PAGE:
The Knitter - - Lithuanian Traditions -

pat­terns orig­i­nated in the Baltic coun­tries and were im­ported to Fair Isle in the first half of the nine­teenth cen­tury.”

Folk art sym­bols

Many of the sym­bols found in folk art in Lithua­nia since the Ne­olithic pe­riod are the same sym­bols that fre­quently ap­pear in weav­ing, em­broi­dery, and knit­ting. In the 1930s book Sodži­aus me­nas. kn. 5: Mezgimo-ne­r­imo raš­tai ( Coun­try Arts #5: Knit­ting Pat­terns), An­tanas Tamo aitis wrote that the most pow­er­ful sym­bols of a cul­ture are its mother tongue, folk­lore, and folk art. Th­ese el­e­ments, he claimed, em­body the Lithua­nian peo­ple’s essence, be­cause it is with th­ese sym­bols that each group of peo­ple ex­presses its unique­ness.

Over time, folk art cre­ations tell us about the spirit of the peo­ple who cre­ated them. Al­though peo­ple pass away and cul­tures change, folk art and folk­lore are na­tional trea­sures that live on through the ages.

I have al­ways loved folk art, folk tales and myths from around the world. It was only nat­u­ral that th­ese ob­ses­sions would in­ter­sect with my in­ter­est in knit­ting. When I dis­cov­ered Mar­ija Gimbu­tas, a Lithua­nian ar­chae­ol­o­gist and ex­pert in Lithua­nian folk­lore who em­i­grated to Amer­ica af­ter World War II, it was im­me­di­ately ob­vi­ous that I had to learn more about her life and work.

Com­bin­ing her ex­per­tise in th­ese fields with her ex­pe­ri­ences grow­ing up in the Lithua­nian coun­try­side, Gimbu­tas saw mean­ings in many of the sym­bols found on an­cient arte­facts. Joseph Camp­bell called her book, The Lan­guage of the God­dess, the Rosetta Stone for un­der­stand­ing pre­his­toric ar­chae­ol­ogy and an­thro­pol­ogy. Gimbu­tas’ ca­reer lasted from the early 1940s un­til her death in 1994. Much of what she wrote about the mean­ing of an­cient Baltic sym­bols through­out that time still in­forms stud­ies in the field.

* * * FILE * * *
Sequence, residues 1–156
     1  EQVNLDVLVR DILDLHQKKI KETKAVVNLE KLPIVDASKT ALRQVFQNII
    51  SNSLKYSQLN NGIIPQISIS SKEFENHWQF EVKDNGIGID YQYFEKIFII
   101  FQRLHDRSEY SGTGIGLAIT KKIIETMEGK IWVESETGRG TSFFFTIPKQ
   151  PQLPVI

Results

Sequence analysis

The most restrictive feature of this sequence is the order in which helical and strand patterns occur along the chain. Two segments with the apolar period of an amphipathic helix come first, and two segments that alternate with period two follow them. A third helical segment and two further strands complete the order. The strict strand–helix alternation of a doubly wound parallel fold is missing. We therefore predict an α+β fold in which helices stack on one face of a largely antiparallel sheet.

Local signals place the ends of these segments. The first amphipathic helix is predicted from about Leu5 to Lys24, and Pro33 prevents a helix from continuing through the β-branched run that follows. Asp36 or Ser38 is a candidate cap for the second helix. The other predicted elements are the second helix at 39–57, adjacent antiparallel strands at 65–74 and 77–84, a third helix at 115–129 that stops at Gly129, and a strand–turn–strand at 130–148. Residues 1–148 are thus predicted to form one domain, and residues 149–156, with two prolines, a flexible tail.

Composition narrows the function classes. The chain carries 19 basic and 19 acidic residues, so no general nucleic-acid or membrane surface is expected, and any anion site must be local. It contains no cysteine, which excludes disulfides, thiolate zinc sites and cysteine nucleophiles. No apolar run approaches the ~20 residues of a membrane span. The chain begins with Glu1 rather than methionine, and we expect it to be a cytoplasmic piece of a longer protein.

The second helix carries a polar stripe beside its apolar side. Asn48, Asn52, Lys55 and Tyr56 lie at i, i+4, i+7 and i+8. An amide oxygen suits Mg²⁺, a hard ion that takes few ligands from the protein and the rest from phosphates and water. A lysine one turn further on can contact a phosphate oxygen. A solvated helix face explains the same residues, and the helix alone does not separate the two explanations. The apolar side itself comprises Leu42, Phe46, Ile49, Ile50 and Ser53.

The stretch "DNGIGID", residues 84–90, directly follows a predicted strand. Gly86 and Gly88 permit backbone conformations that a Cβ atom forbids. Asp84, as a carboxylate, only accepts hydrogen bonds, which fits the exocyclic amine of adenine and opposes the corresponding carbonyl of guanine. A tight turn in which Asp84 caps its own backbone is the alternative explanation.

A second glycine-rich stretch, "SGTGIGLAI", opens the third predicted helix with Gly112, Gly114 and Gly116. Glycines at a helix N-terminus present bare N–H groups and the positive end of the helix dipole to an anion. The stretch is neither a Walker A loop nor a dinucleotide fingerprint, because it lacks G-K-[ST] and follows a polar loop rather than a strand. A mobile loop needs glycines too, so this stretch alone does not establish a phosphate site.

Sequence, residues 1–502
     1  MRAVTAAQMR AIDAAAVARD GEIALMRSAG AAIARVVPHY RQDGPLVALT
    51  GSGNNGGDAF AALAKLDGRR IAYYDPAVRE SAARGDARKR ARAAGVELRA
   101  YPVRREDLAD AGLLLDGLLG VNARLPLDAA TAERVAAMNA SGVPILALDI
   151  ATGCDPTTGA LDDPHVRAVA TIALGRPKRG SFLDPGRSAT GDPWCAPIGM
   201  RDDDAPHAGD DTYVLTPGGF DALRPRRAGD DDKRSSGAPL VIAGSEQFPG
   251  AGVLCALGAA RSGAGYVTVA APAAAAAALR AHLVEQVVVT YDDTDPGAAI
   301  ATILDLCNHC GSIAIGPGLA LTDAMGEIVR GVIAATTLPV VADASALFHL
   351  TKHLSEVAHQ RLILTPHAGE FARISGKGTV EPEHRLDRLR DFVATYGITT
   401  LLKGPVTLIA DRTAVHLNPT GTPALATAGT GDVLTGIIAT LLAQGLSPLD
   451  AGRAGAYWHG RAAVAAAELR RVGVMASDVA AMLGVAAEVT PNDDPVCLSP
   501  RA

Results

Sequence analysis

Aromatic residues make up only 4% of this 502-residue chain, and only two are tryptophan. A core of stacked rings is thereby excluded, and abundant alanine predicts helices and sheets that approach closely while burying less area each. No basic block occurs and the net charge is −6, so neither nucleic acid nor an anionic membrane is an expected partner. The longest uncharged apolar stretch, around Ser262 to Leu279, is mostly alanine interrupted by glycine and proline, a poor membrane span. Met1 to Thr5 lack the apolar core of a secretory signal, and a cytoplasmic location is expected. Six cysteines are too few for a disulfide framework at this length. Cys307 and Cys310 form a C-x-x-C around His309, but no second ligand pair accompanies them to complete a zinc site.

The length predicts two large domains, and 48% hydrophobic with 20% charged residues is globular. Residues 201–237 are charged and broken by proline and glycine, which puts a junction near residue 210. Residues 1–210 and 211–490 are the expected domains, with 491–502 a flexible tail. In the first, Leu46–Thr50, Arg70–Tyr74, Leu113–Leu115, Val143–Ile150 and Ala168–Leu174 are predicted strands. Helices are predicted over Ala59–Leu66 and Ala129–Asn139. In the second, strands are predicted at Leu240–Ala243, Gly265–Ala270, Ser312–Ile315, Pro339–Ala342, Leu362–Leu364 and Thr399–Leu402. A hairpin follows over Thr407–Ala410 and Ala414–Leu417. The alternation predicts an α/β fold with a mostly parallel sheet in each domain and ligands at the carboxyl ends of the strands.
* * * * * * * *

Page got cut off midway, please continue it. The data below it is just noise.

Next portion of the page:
Gimbu­tas claimed that we can learn about more than just early tools and arte­facts from ar­chae­o­log­i­cal sites. There are sto­ries hid­den in the sym­bols and mo­tifs used to dec­o­rate found items. Though we can some­times only guess at the pre­cise mean­ings that the sym­bols may have held for their cre­ators, we can fol­low clues em­bed­ded in folk­lore, folk songs, lan­guage, and su­per­sti­tions that have sur­vived to the present day.

Very few frag­ments of cloth sur­vive. How­ever, we can make in­fer­ences from the mo­tifs found on stone, metal, am­ber and clay arte­facts. The story found in Lithua­nian ar­chae­ol­ogy is a nar­ra­tive of its peo­ple.

03 In my mit­ten pat­tern on the next page, I com­bine chevrons, tri­an­gles and cir­cle-di­a­monds. Lithua­nian sym­bols are closely tied to na­ture, and geo­met­ric mo­tifs of­ten rep­re­sent ce­les­tial ob­jects.

Tri­an­gles may rep­re­sent the sky god (point­ing up) or the Earth Mother (point­ing down). In fact, tri­an­gle sym­bols are used to­day to iden­tify men’s and women’s re­strooms in Lithua­nia. Chevron pat­terns sym­bol­is­ing trees are com­monly found on beaded wrist­warm­ers and sock cuffs.

Cir­cles rep­re­sent the sun or moon, while cir­cles with spokes rep­re­sent light, and have been used in Lithua­nian folk art for cen­turies. Cir­cu­lar mo­tifs are dif­fi­cult to rep­re­sent in knit­ted fab­ric, so di­a­mond mo­tifs may be in­ter­preted as suns or as fire.

On stone carv­ings, am­ber amulets and bronze jew­ellery, on or­nate wooden crosses, and within dec­o­ra­tive weav­ing and em­broi­dery pat­terns, the same mo­tifs ap­pear over and over again. Even­tu­ally they found their way onto knit­ted ac­ces­sories. Knit­ted pieces and other folk art cre­ations are not only im­por­tant as phys­i­cal items, but also for the story and his­tory of ru­ral cul­ture, rit­ual, and so­ci­ety that they em­body. Deeper mean­ings in the pat­terns tie both the artists and those who ap­pre­ci­ate their works to the past. Even if the ac­tual mean­ings of the sym­bols are for­got­ten, the items them­selves have be­come sym­bols and re­mem­brances of the her­itage in which they took root. To­day, we can con­tinue to re­mem­ber the deep roots of th­ese tra­di­tions in our own knit­ting. Visit www.sheep­ for de­tails of Donna’s re­search, books and pat­terns

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